We couldn’t believe our luck when, perched on a windswept hillside overlooking the famous Glenfinnan Viaduct, we began to hear the distant clacking of a train over the pitter-patter of drizzle.
Arriving at the scenic spot in the midst of a whistlestop tour of Lochaber, we had no idea whether the steam engine, known to Harry Potter fans as the Hogwarts Express, was running – let alone what time it might puff its way across the picturesque bridge.
But while admiring the stunning structure and its dramatic mountain backdrop, an image straight out of Hollywood appeared before us as the train emerged from the mist with clouds of steam trailing behind.
The Mecca for Potter fans is increasingly popular (while we were there, work was taking place on a new car park doubling capacity at the landmark) but it is just one of dozens of options for visitors to the west Highlands.
An hour or so later I would find myself standing in the middle of a boat gently swaying from side to side in the Knoydart peninsula, having ventured to the middle of the deck to get that perfect photograph.
But when the views are as spectacular as those offered during the trip aboard the Western Isles Cruises vessel as it sets sail from Mallaig harbour – with the isles of Skye, Rum and Eigg dominating the horizon – it is worth putting up with some unsteady footing and the odd lashing of sea spray to capture the moment.
Western Isles Cruises offers a variety of tours, but the most popular – and best for those wanting to pack plenty into the day – is the one-hour wildlife cruise.
As well as the breathtaking panoramas, other highlights included a visit to a rocky outcrop occupied by a colony of seals and a sighting of a passing pod of porpoises cresting above the surface in unison.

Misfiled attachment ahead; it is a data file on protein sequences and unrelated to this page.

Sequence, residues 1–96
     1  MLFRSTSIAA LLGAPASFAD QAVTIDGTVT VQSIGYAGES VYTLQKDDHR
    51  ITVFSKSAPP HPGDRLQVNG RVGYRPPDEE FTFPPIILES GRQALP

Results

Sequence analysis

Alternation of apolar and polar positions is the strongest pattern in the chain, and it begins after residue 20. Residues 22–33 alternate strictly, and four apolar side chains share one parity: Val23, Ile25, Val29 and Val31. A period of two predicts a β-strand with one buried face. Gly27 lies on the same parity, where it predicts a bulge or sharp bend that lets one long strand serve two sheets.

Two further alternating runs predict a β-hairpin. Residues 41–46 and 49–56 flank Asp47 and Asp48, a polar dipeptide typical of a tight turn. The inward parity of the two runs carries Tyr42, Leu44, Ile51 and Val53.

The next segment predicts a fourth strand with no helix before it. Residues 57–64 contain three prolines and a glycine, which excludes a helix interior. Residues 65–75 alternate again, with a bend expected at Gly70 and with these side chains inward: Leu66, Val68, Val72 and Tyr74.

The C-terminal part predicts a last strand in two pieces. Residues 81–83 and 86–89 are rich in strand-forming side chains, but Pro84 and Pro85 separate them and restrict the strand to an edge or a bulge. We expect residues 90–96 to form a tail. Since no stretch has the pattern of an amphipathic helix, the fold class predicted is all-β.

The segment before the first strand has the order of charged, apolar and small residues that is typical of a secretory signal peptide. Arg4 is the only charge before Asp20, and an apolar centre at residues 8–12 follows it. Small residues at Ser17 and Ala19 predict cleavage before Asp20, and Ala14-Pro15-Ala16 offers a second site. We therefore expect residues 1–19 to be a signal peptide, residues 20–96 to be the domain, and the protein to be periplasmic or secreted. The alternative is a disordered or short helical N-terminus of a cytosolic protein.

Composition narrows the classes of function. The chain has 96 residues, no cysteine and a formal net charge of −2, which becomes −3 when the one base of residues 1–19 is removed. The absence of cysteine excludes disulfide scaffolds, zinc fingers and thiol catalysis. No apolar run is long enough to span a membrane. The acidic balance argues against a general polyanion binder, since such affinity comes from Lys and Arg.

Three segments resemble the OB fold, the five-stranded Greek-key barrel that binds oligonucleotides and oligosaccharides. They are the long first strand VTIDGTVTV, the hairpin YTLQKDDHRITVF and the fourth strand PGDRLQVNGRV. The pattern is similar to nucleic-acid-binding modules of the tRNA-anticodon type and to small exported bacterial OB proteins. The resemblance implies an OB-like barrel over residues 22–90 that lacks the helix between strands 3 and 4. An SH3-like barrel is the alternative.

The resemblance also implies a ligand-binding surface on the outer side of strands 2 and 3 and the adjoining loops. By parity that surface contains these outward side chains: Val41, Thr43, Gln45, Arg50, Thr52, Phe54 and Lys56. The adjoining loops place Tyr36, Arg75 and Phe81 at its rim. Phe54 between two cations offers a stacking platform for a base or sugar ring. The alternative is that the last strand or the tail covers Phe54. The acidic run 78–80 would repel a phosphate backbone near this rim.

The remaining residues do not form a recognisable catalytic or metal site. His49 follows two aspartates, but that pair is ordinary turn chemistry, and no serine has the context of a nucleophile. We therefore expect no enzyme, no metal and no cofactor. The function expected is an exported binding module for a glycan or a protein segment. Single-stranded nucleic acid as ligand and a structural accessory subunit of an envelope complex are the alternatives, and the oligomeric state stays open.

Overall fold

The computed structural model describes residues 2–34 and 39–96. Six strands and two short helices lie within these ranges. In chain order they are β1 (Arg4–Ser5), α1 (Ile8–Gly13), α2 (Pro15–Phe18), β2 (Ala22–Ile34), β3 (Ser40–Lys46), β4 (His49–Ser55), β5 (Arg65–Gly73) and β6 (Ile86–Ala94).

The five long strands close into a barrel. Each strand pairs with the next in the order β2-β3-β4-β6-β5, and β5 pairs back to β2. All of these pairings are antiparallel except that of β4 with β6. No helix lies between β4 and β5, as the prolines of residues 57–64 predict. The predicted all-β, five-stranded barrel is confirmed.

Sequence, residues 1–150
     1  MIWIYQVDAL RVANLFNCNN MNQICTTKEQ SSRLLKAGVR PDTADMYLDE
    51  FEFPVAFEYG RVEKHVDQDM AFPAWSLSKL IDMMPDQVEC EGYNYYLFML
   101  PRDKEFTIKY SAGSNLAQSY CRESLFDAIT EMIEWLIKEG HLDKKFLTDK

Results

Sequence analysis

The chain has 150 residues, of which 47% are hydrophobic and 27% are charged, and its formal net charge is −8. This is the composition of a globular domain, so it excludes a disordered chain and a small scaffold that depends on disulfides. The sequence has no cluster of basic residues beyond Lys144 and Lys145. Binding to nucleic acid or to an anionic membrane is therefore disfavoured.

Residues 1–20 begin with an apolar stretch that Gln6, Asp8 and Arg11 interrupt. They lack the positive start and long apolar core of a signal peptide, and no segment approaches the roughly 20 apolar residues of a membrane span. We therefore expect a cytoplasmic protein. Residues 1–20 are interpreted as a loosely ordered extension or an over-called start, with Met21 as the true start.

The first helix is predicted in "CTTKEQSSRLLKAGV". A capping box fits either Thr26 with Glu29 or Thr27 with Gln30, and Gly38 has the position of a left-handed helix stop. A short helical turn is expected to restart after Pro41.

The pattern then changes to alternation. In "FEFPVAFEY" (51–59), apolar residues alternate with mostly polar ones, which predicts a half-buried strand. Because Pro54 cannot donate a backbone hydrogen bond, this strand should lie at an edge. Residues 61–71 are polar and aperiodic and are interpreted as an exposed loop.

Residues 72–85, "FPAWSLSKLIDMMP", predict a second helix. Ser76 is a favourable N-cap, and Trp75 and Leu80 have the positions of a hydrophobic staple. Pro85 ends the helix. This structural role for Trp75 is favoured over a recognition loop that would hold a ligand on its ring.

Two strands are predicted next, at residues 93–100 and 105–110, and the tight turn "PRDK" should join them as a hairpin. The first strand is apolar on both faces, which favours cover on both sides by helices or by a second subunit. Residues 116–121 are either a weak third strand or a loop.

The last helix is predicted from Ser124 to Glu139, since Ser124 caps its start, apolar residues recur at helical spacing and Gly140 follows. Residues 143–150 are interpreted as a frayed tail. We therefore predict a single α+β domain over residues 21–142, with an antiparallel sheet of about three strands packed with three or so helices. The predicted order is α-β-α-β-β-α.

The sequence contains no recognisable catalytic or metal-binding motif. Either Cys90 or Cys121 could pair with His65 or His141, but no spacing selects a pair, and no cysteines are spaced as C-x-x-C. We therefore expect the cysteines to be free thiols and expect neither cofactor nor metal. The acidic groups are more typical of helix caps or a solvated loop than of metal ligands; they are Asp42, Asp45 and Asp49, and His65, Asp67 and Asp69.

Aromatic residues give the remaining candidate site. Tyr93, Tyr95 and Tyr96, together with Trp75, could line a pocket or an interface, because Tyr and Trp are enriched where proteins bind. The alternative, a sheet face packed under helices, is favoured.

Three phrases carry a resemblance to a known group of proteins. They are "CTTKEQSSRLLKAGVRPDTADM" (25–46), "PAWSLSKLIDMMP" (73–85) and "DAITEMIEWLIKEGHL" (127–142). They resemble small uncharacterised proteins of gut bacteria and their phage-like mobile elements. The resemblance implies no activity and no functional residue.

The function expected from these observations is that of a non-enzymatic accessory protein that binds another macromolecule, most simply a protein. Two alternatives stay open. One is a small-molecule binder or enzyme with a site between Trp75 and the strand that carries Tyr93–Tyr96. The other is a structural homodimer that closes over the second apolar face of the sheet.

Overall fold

It was mostly a relaxing amble across the waves, with daily sessions at 12.45pm and 5pm from April to October to fit around train times costing only £13 each for adults (with children and dogs allowed on board for free).
Upon returning to dry land, there are several seaside diners for visitors to pop into to warm up.
We opted for the Tea Garden Café, which boasted an impressive offering of local seafood to complement the nautical theme of the décor inside, along with some delicious baked goods. It is a good idea to leave plenty of time for driving between destinations. If you are anything like me, your eye will constantly be caught by the amazing vistas and you will want to pull over to admire them and grab a quick photo.
It seemed like around every corner there was another stunning sight – often accompanied by another shift in the ever-changing weather conditions.
Mountains cloaked in gloomy grey clouds one moment would be glowing gold in autumn sunshine the next.
We brought the day to a close by taking in the sunset at the Commando Memorial statue at Spean Bridge, and admiring the magnificent panoramic views of Ben Nevis and Aonach Mor afforded from the hilltop viewpoint.
My base for this recent whizz around Lochaber was the Stronlossit Inn, nestled among the Grampian range in Roybridge, a lovely hotel which is ideally located within easy reaching distance of a number of attractions such as the Highland Wildlife Park, Glencoe and the Ben Nevis and Dalwhinnie distilleries.
Arriving there on a rainswept Thursday at the end of October, we spent the evening plotting how to make the most of the Friday in the comfortable hotel room before heading downstairs for dinner.
The food at the Stronlossit is undoubtedly its greatest strength – and a peek in the guest book confirmed that other guests felt the same way, with many going out of their way to praise the quality fare.
We would later learn that the hotel is being looked after solely by husband and wife duo Gabriel and Oana Burdea – with Gabriel serving the meals prepared by Oana. This certainly gave the place a homely feel.
Staying in a hotel in the midst of a global pandemic can be an unusual experience. And it was made bittersweet by the fact there were no other guests there during our two-night stay.
It is clear the hospitality industry is doing all it can to operate carefully and ensure its survival, and we felt safe at all times with the appropriate Covid-19 safety measures in place.
Gabriel and Oana told us they were planning to redecorate the hotel during its closure between December and February, so they are clearly looking ahead to a better 2021.
And for anyone else planning to get away from it all next year by exploring Scotland, I couldn’t recommend a better place to do it.
With so much to see and do, I will make it a longer stay next time.
- The Stronlossit Inn Roybridge, Fort William PH31 4AG
- Call: 01397 712253
- Visit: www.stronlossit.co.uk
- The hotel is offering two nights’ dinner, bed and breakfast for £119 per person or three nights for £159 per person until 30 April.